Niche segregation mechanisms in marine apex predators inhabiting dynamic environments
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Aim: Understanding the mechanisms that allow the coexistence of species is key to preserve full ecosystem functioning. In dynamic environments, the study of ecological niches faces the complexity associated to the three dimensionality of the habitat and requires information that reflects such heterogeneity. Within this context, this study intends to identify the segregation mechanisms behind the co-occurrence of five phylogenetically related pelagic birds by applying a functional perspective based on seabirds' vertical ranges and prey availability features such as depth and body size. Location: Bay of Biscay. Methods Based on the hypothesis that niche differentiation may occur in any of the three dimensions of the marine environment, we (a) identified the biologically meaningful vertical range affecting seabird species, (b) modelled their environmental and trophic niches, (c) estimated an environmental and trophic overlap index for each pairwise species, and (d) developed a conceptual framework with the most plausible segregation hypotheses. Results: The application of the conceptual framework revealed that in this particular area, pelagic birds coexist through environmental and trophic niche partitioning and potentially through vertical segregation, based on the different biologically meaningful vertical ranges we identified for each species. Indeed, some species responded to prey and oceanographic conditions on the surface (10 m), while others responded to the conditions on deeper waters (above the depth of maximum temperature gradient). These different responses could be interpreted as an additional mechanism to reduce competition, although seabirds diving records would be needed to contrast this hypothesis. Main conclusions: Niche differentiation was found to be primarily driven by trophic and environmental niche partitioning, although species were also influenced by conditions on the vertical dimension. Considering all the dimensions of the niche is essential to fully understand how diving seabirds coexist in dynamic systems and provides insights on species' 3D niches that may help advance into their management.
Astarloa , A , Glennie , R , Chust , G , García-Baron , I , Boyra , G , Martínez , U , Rubio , A & Louzao , M 2021 , ' Niche segregation mechanisms in marine apex predators inhabiting dynamic environments ' , Diversity and Distributions , vol. Early View . https://doi.org/10.1111/ddi.13229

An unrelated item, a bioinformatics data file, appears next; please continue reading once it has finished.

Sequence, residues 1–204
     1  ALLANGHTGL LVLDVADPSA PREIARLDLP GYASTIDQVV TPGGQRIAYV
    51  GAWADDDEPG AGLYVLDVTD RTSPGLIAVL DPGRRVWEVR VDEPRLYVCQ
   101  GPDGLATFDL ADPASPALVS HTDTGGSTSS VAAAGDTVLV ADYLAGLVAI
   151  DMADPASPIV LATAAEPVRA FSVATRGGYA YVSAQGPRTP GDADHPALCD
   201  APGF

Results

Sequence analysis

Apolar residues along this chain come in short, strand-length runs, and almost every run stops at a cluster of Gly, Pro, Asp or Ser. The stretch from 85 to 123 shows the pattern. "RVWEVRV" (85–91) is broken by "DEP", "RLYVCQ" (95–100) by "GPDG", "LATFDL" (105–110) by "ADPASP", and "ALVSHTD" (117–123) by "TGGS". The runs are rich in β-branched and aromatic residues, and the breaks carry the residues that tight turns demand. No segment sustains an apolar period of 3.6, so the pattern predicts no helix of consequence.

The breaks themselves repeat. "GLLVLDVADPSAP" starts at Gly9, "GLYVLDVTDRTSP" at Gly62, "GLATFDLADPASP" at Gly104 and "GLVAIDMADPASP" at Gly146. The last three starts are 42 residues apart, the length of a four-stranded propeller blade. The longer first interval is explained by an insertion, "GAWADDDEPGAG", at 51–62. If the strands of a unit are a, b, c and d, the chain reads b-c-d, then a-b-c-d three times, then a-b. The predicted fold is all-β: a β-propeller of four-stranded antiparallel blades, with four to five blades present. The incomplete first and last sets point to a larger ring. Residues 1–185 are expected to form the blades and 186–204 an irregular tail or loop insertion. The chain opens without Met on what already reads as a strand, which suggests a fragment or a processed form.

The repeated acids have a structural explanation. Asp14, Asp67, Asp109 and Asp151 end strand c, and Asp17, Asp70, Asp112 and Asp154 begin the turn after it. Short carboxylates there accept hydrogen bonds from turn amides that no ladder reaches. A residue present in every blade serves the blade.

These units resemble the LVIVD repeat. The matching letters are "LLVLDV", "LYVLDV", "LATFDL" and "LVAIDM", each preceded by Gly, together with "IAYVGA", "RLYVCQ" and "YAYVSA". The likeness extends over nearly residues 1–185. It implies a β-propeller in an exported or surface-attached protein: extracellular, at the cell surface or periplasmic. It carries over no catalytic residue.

Diversity and Distributions
Copyright © 2021 The Authors. Diversity and Distributions published by John Wiley & Sons Ltd. This is an open access article under the terms of the Creative Commons Attribution License, which permits use, distribution and reproduction in any medium, provided the original work is properly cited.
DescriptionThe JUVENA survey was funded by the ‘Viceconsejería de Agricultura, Pesca y Políticas Alimentarias ‐ Departamento de Desarrollo Económico y Sostenibilidad y Medio Ambiente’ of the Basque Government, the ‘Secretaría General de Pesca, Ministerio de Agricultura, Alimentación y Medio Ambiente’ of the Spanish Government and by the Spanish Institute of Oceanography (IEO). This research was funded by the Spanish Government (Ministry of Science and Innovation) through the CHALLENGES (CTM2013‐47032‐R) and the EPELECO (RTI2018‐101591‐B‐I00) projects, the Basque Government (‘Viceconsejería de Agricultura, Pesca y Políticas Alimentarias ‐ Departamento de Desarrollo Económico, Sostenibilidad y Medio Ambiente’) through the ECOPES project as well as the Horizon 2020 programme of the European Commission (Contract No. 862428, Atlantic Mission: Mapping and assessing present and future status of Atlantic marine ecosystems under climate change and exploitation). A.A. has benefited from a Basque Government scholarship (PRE_2016_1_0134) and M.L. from Ramón y Cajal funding (Ministerio de Ciencia e Innovación, RYC‐2012‐09897). Special thanks are given to the crew on board R/V Emma Bardán and R/V Ramón Margalef and all the AZTI and Spanish Institute of Oceanography (IEO) staff who participated in JUVENA surveys for their excellent job and collaborative support. This paper received contribution nº 1013 from AZTI, Marine Research, Basque Research and Technology Alliance (BRTA).
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